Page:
Tips & Tricks – Tis The Season: Snow-Shoveling Injuries Appear Early
December 29, 2011
Dr. Peretz offers simple tips to get you through the winter without injury:
1. Warm up before you dig in: Youll do your back a favor if you warm up for five to ten minutes before shoveling or any strenuous activity. Get your blood moving with a brisk walk, jogging or marching in place, or running up the stairs. Then stretch your lower back and hamstrings the large muscles in the back of the thigh with some gentle stretching exercises.
2. Use the right shovel: The basic snow shovel hasnt changed much since it was invented over 100 years ago. Hand grips are often lacking and the shovel length is typically too short for most people, forcing the user to bend and twist while heaving snow. Also, the traditional steel shovel is heavy, adding to the weight – as much as 20 pounds per shovelful of snow – you are lifting. Newer, ergonomic snow shovels take some of the effort out of snow removal. They are typically made of lighter materials such as plastic or lightweight aluminum and feature a curved handle or adjustable handle length to reduce or eliminate bending.
3. Use proper shoveling technique: Whenever possible, push the snow aside instead of lifting it. If you must lift, follow these guidelines:
- Bend your knees and lift with your leg muscles – not your back!
- Avoid twisting; pivot your whole body to change direction.
- Do not throw snow over your shoulder.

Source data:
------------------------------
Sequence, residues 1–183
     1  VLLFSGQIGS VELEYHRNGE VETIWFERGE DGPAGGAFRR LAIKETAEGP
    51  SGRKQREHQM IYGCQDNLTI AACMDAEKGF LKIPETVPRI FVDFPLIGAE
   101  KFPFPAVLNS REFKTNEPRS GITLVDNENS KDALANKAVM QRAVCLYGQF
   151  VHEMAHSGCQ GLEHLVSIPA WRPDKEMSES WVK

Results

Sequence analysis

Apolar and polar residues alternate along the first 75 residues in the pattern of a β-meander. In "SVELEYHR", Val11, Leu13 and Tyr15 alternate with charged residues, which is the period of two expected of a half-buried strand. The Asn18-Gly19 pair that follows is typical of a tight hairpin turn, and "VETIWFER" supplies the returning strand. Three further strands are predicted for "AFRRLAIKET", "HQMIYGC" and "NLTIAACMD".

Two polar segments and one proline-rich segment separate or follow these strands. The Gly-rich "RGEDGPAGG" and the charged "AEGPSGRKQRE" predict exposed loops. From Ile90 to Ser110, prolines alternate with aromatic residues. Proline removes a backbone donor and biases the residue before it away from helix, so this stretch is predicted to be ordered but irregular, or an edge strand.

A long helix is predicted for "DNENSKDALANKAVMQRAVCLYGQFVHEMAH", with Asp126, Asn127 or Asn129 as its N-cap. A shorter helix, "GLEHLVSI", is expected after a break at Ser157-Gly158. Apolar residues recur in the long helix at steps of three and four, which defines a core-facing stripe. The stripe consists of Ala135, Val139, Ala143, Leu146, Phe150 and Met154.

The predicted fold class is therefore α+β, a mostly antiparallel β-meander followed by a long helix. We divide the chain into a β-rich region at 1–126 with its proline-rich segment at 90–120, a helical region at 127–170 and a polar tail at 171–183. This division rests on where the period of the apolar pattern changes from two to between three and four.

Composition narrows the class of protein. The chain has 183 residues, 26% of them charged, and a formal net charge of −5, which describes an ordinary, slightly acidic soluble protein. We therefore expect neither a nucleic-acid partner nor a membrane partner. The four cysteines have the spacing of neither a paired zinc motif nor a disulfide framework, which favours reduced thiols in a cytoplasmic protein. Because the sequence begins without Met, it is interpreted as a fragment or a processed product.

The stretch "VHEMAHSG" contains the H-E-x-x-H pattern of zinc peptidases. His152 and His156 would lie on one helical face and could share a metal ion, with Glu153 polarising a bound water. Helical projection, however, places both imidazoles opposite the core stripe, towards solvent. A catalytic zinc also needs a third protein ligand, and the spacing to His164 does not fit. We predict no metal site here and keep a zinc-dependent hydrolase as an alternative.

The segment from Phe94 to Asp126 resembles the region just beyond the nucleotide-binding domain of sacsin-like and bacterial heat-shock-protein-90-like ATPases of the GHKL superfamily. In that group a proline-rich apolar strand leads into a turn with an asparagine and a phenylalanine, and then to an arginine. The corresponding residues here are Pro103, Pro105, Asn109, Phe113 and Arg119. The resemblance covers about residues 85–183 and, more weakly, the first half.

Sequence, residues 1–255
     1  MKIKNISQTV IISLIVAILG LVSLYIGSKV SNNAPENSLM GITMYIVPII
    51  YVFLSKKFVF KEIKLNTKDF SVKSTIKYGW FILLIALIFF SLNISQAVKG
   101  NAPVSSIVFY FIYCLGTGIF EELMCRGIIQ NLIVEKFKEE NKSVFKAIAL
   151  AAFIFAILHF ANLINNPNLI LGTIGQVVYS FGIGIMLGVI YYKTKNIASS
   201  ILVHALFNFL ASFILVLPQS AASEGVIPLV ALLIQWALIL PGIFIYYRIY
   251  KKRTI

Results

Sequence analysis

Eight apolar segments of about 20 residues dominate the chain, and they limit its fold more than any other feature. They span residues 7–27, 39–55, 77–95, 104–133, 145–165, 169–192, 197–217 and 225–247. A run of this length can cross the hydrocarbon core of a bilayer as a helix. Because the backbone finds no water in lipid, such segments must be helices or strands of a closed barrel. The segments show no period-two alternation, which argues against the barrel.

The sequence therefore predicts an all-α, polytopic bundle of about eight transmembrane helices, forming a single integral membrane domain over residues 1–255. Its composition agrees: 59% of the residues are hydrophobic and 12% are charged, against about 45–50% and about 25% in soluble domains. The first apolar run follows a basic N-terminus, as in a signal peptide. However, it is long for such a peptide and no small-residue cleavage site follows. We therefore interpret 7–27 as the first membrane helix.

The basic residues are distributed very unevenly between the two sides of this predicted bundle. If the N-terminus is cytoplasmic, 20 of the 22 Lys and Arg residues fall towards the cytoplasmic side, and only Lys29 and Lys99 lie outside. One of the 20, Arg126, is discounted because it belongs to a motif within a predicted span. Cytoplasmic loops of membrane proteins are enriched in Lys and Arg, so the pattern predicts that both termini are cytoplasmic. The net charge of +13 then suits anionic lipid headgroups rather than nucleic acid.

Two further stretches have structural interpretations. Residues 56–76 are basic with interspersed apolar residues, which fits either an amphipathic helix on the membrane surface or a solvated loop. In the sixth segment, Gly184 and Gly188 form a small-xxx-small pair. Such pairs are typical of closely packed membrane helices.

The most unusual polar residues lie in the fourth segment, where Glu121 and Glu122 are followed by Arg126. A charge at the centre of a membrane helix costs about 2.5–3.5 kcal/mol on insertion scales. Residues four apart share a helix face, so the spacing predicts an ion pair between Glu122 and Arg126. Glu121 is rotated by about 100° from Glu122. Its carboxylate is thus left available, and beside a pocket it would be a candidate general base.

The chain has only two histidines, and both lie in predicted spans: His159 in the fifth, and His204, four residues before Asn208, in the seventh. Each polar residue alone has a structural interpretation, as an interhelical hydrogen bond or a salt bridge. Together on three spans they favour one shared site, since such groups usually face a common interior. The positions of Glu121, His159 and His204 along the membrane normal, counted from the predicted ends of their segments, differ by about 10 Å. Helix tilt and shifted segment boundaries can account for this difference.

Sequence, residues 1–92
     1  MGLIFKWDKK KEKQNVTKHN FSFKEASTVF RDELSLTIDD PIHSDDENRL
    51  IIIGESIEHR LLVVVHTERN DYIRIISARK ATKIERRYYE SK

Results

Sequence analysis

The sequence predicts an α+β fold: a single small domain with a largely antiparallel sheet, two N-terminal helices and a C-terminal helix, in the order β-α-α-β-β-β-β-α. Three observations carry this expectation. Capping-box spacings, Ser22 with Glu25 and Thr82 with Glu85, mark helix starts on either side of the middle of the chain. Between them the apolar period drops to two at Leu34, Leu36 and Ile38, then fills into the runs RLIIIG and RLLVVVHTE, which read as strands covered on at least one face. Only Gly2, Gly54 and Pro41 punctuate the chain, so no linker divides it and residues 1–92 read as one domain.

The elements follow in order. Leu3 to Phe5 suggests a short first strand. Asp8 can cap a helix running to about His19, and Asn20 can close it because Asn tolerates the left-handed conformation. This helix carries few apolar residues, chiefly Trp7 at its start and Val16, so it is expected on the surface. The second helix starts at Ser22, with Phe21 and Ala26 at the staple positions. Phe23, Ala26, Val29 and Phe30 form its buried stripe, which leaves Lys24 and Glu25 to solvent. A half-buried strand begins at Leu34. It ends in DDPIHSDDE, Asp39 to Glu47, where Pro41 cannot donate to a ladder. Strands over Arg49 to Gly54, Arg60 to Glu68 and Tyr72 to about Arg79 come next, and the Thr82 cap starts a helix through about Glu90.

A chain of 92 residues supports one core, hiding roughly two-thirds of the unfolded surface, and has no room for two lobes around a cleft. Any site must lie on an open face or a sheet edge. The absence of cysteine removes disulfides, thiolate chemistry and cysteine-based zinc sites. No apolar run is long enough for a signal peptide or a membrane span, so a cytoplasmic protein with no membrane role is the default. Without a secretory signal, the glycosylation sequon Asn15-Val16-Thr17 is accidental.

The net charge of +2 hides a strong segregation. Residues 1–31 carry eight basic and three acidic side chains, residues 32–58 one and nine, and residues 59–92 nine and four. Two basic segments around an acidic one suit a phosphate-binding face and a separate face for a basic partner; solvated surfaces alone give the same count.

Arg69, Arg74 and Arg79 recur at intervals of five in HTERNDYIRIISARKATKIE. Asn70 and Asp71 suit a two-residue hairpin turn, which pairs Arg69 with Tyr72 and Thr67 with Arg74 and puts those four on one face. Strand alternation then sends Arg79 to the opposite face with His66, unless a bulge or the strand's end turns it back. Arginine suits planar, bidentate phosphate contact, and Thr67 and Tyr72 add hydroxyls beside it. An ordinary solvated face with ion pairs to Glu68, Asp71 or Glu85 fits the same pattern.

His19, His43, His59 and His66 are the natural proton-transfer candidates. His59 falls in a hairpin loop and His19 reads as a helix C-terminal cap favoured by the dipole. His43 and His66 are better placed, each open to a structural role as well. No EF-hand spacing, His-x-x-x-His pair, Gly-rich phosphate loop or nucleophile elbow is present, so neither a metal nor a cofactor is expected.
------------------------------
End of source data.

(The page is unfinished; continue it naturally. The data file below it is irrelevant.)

- Keep each load light.
- If you must lift a full shovel, grip the shovel with one hand as close to the blade as comfortably possible and the other hand on the handle.
- Walk to a new location to deposit the snow; do not reach or toss.
4. Clear early and often: Its easier to clear a light layer than to wait until all the snow has fallen and its packed and heavy. In deep snow, remove a few inches off the top at a time rather than attempting to shovel the full depth at once.
5. Stay on your feet: Wear shoes or boots with good treads and spread sand, rock salt, or kitty litter on your sidewalk or driveway to increase traction and reduce the likelihood of slipping.
6. Take it easy: Take a break every 10-15 minutes; stand up straight, walk around, and drink water to avoid dehydration and overheating. Listen to your body; when it says “stop” STOP.
7. Consider a snow blower: When used correctly, a snow blower puts less stress on your lower back than shoveling. Use the power of your legs to push the snow blower while keeping your back straight and knees bent.